White House strongly opposes Egyptian military's emergency declaration

Turkey, Hamas slams Egyptian government, calls on UN and Arab League to help stop "massacre" as EU countries appeal for "restraint."

August 14, 2013 18:34
4 minute read.
Security forces break up the protest camp at al-Nahda square in Cairo August 14, 2013

Egypt clashes august 14, 2013 390 9. (photo credit: REUTERS)

Turkey and Qatar joined the EU's calls for a halt to the violence. Turkey's President Abdullah Gul said an armed intervention by Egyptian security forces against pro-Morsi protesters in Cairo was "completely unacceptable".

"Armed intervention on civilians, on people demonstrating ... This is completely unacceptable," Gul told reporters in the capital Ankara.

Turkey has emerged as one of the fiercest international critics of what it has called an "unacceptable coup" after Egypt's military ousted the elected Morsi.

Turkish Prime Minister Tayyip Erdogan called on the UN Security Council and Arab League to take immediate steps to stop a "massacre" in Egypt, saying international silence had paved the way for the Egyptian authorities' violent crackdown.

"The international community, especially the UN Security Council and Arab League, must act immediately to stop this massacre," Erdogan's office said in a statement.
Iran, whose hardline Islamist leadership put down post-election unrest by force in 2009, denounced the Egyptian bloodshed and called for a "national dialogue and democratic process".

In a statement, the Foreign Ministry expressed deep concern and added: "Undoubtedly the current approach ... strengthens the likelihood of civil war in this great Islamic country."

Qatar took the lead in Arab criticism of the violence, condemning the attack on the protest camp and urging Egyptians to return to dialogue to ease the crisis polarising the Arab world's most populous nation.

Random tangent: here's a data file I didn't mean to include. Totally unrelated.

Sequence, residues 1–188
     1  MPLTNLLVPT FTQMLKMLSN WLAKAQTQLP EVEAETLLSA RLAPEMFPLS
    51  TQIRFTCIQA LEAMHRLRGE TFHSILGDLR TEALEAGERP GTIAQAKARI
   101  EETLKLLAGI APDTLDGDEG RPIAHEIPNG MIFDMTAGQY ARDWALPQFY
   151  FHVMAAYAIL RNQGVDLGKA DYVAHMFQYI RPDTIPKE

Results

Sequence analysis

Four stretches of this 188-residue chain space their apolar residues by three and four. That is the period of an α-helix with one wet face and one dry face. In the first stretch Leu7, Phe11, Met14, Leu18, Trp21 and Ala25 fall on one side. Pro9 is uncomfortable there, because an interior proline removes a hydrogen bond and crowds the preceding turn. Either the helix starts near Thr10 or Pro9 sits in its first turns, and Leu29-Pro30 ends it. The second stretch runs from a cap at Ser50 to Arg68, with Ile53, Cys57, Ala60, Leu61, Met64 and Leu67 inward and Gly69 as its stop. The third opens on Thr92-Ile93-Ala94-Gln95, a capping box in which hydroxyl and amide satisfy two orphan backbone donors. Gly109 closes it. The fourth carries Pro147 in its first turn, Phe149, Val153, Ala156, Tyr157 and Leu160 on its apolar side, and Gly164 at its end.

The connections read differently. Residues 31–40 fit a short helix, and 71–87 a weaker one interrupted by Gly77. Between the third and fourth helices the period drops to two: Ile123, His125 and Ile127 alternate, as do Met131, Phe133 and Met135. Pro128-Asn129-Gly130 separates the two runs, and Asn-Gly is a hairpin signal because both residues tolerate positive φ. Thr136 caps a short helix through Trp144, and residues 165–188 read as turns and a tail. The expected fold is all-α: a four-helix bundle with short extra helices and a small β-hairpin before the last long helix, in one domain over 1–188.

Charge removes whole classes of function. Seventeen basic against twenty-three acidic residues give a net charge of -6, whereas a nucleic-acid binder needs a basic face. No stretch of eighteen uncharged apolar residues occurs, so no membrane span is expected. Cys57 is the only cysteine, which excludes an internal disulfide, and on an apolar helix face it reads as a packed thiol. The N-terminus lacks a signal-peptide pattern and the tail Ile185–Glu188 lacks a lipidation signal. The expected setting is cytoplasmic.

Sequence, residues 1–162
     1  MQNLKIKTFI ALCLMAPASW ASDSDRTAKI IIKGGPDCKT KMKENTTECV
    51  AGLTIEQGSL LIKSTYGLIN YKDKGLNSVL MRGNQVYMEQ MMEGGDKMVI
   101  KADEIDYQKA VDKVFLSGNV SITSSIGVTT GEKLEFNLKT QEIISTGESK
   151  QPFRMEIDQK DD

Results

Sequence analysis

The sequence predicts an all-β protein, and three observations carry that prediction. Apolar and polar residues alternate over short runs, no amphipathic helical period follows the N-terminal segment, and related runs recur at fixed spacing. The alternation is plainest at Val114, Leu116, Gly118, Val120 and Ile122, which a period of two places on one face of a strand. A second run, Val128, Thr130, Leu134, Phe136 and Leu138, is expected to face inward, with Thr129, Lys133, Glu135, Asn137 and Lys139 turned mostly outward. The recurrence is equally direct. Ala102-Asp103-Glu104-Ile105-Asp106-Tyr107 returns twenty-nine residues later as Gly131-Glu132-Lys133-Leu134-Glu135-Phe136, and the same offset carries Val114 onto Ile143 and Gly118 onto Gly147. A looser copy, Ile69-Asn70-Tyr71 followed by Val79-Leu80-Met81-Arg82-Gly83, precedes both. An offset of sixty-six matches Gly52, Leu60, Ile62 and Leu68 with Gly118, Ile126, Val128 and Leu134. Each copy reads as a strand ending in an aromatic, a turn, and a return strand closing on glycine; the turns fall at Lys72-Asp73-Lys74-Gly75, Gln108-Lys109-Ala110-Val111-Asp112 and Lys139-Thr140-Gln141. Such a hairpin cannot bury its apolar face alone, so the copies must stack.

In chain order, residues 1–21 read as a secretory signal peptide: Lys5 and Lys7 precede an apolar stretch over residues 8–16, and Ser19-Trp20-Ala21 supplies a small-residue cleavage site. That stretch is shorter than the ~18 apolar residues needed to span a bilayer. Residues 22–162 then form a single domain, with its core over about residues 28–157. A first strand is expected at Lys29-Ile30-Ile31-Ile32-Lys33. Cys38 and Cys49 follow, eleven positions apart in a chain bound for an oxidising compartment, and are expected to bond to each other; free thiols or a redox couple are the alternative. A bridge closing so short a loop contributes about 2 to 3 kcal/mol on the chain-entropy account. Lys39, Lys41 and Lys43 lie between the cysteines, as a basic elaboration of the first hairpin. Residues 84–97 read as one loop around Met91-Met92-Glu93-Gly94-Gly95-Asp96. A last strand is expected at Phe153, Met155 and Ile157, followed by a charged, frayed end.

A Qatari Foreign Ministry official, quoted by the state news agency QNA, said Egyptian authorities should "refrain from the security option in dealing with peaceful protests, and preserve the lives of Egyptians at protest sites".

Qatar strongly backed Morsi's Muslim Brotherhood government before he was ousted by the army a year after becoming the first freely elected leader in Egyptian history.

"Qatar believes that the safest and guaranteed way to resolve the crisis is a peaceful way based on dialogue between parties that have to live together in a pluralist social and political system," the official said.


Energy-rich Qatar, among the world's wealthiest states and under authoritarian dynastic rule, gave Egypt $7 billion in aid after his election last year following the 2011 uprising that toppled longtime autocrat Hosni Mubarak.

In the Palestinian Gaza Strip, a spokesman for the ruling Islamist Hamas movement, which arose out of the Egyptian Muslim Brotherhood, said Hamas "condemns the massacres ... and calls for an end to bloodshed and a halt to the killing of peaceful protesters".

European Union foreign policy chief Catherine Ashton said she was following the situation with great concern.

"Confrontation and violence is not the way forward to resolve key political issues. I deplore the loss of lives, injuries and destruction in Cairo and other places in Egypt. I call on the security forces to exercise utmost restraint and on all Egyptian citizens to avoid further provocations and escalation," she said in a statement.

Britain, France, Germany, Spain and Norway all appealed for mutual restraint by Egypt's factions and for negotiations to resolve the crisis. Britain said it had advised its citizens visiting Egypt to avoid demonstrations and large gatherings.

"It is essential that violence stop and conciliation prevail. France calls on all sides to show restraint and hold back from disproportionate use of force," French Foreign Ministry spokesman Vincent Floreani said.

German Foreign Minister Guido Westerwelle said: "We expect the transitional government and Egyptian authorities to allow peaceful protest and do everything to ease the situation."

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